The Education of a Catholic School Girl

When something you never wanted becomes exactly what you always needed

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Photo by Colleen Murphy DePaolo

I didn’t want to go. It was 15 and I had been in huge public schools for the last 6 years. This was all-girls Catholic school. The uniform, daily mass, strict rules, nuns. No, I didn’t want to go. I was leaving my friends to enter what amounted to prison in my mind.

But I was drowning in public school. Looking back, maybe I was too young. I started school a year early and maybe it had all caught up with me; maybe maturity wasn’t there. I remember that first day in my brand new uniform. A white collared shirt, pleated skirt, cardigan sweater and knee-high socks. I felt my freedom and my identity slipping away.

I was the new girl in a very small school. That made me a curiosity. In gym, a few girls approached me, hesitantly. My presence seemed to make them nervous. You went to public school? What was that like? They looked at me like an escaped zoo animal. It felt as if I had stepped into a very private world where outsiders never entered.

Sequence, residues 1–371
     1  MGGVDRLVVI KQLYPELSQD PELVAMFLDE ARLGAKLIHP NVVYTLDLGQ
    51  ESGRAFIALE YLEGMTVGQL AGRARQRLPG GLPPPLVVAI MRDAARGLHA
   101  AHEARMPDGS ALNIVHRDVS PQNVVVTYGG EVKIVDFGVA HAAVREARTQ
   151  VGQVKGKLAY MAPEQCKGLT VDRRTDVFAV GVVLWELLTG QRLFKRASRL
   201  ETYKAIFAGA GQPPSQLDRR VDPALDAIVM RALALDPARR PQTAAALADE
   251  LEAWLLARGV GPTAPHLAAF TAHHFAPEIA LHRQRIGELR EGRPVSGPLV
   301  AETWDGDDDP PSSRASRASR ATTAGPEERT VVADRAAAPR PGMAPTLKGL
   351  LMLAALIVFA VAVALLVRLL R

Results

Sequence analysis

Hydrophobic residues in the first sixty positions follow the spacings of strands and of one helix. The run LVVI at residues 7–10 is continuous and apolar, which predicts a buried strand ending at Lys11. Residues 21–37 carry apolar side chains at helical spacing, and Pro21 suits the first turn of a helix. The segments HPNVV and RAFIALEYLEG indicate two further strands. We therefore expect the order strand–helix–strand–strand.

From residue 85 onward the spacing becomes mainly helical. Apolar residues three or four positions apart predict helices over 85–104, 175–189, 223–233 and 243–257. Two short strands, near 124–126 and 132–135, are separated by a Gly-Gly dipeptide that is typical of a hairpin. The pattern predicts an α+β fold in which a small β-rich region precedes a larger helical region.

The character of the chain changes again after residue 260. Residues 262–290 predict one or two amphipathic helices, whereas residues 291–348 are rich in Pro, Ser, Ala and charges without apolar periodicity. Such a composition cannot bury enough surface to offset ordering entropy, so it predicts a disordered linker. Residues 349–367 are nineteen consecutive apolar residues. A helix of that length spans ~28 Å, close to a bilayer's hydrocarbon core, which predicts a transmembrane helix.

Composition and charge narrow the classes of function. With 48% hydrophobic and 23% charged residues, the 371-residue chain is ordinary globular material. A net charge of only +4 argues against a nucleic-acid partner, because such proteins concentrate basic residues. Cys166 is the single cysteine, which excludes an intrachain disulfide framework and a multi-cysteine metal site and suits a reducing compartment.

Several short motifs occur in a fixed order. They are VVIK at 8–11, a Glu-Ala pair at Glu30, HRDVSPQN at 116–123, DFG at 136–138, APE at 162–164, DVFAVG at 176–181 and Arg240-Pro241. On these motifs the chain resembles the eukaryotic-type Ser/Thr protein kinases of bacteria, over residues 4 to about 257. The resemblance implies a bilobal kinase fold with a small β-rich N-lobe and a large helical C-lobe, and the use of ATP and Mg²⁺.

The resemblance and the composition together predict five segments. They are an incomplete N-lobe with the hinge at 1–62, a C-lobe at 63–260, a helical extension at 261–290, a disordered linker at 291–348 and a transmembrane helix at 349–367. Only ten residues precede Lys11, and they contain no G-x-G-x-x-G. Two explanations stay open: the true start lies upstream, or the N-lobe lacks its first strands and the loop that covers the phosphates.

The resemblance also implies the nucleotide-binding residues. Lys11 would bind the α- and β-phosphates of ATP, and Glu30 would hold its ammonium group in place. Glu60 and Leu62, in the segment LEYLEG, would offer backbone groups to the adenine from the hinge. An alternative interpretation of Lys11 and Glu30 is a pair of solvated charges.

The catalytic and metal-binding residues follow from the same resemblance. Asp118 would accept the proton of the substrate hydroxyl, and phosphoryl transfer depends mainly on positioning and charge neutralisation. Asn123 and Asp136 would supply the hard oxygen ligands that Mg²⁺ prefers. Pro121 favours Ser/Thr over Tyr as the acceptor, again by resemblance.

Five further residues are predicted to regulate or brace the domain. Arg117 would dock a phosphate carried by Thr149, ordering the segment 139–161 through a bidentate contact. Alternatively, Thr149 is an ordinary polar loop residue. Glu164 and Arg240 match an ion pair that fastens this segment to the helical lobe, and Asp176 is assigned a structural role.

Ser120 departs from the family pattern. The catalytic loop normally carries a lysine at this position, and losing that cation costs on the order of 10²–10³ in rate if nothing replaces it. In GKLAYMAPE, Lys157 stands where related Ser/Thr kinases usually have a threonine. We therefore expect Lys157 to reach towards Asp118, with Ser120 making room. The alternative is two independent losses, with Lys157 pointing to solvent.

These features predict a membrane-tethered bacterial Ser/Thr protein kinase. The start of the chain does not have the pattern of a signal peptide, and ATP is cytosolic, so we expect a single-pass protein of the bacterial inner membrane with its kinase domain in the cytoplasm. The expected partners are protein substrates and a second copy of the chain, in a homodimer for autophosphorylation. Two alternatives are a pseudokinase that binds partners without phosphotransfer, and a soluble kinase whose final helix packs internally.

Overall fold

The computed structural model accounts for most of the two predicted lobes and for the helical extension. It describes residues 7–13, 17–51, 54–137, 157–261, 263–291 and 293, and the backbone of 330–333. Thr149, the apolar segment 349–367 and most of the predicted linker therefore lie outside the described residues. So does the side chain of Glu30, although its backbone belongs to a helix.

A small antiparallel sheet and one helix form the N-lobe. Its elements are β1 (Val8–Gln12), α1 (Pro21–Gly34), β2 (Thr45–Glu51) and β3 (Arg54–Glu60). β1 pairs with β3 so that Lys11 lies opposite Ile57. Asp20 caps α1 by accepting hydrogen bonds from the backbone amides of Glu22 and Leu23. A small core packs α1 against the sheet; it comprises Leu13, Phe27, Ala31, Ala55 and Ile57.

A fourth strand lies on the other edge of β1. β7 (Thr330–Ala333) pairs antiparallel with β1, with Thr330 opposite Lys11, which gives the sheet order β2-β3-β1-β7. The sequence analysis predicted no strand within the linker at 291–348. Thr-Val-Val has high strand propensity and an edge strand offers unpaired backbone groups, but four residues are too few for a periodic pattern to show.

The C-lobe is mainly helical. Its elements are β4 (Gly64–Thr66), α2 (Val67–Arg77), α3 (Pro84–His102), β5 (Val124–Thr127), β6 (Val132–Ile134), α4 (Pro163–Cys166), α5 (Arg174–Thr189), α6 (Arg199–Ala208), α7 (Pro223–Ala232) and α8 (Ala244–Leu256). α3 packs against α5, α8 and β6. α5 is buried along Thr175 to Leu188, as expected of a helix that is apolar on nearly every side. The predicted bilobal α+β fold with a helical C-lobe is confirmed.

Classes were very small. I had to get used to being in math with 9 girls. It was a radical change after being shuffled around in the chaos of public high school. There was no hiding in the back with your head down. Everyone was engaged, everyone participated. These girls were smart. They spoke up in class. They challenged their teachers and asked any question they wanted without reserve. They didn’t try to seem cool and they didn’t edit what they said. As they days passed, I started to relax. I raised my hand, I got involved and I made friends.

The nuns were always worried about us. I remember how we would get in trouble for rolling our pleated skirts; they were boxy and knee-length so we would roll them at the waist, making them fuller and shorter. As we passed through the hallways the sisters would call us out by name when we had rolled just a bit too far. And daily, we would get little bits of advice like, don’t ever put your drink down at a party and walk away. Someone could put something in it when you aren’t looking. I still think of that one. Looking back, it was all incredibly sweet and loving.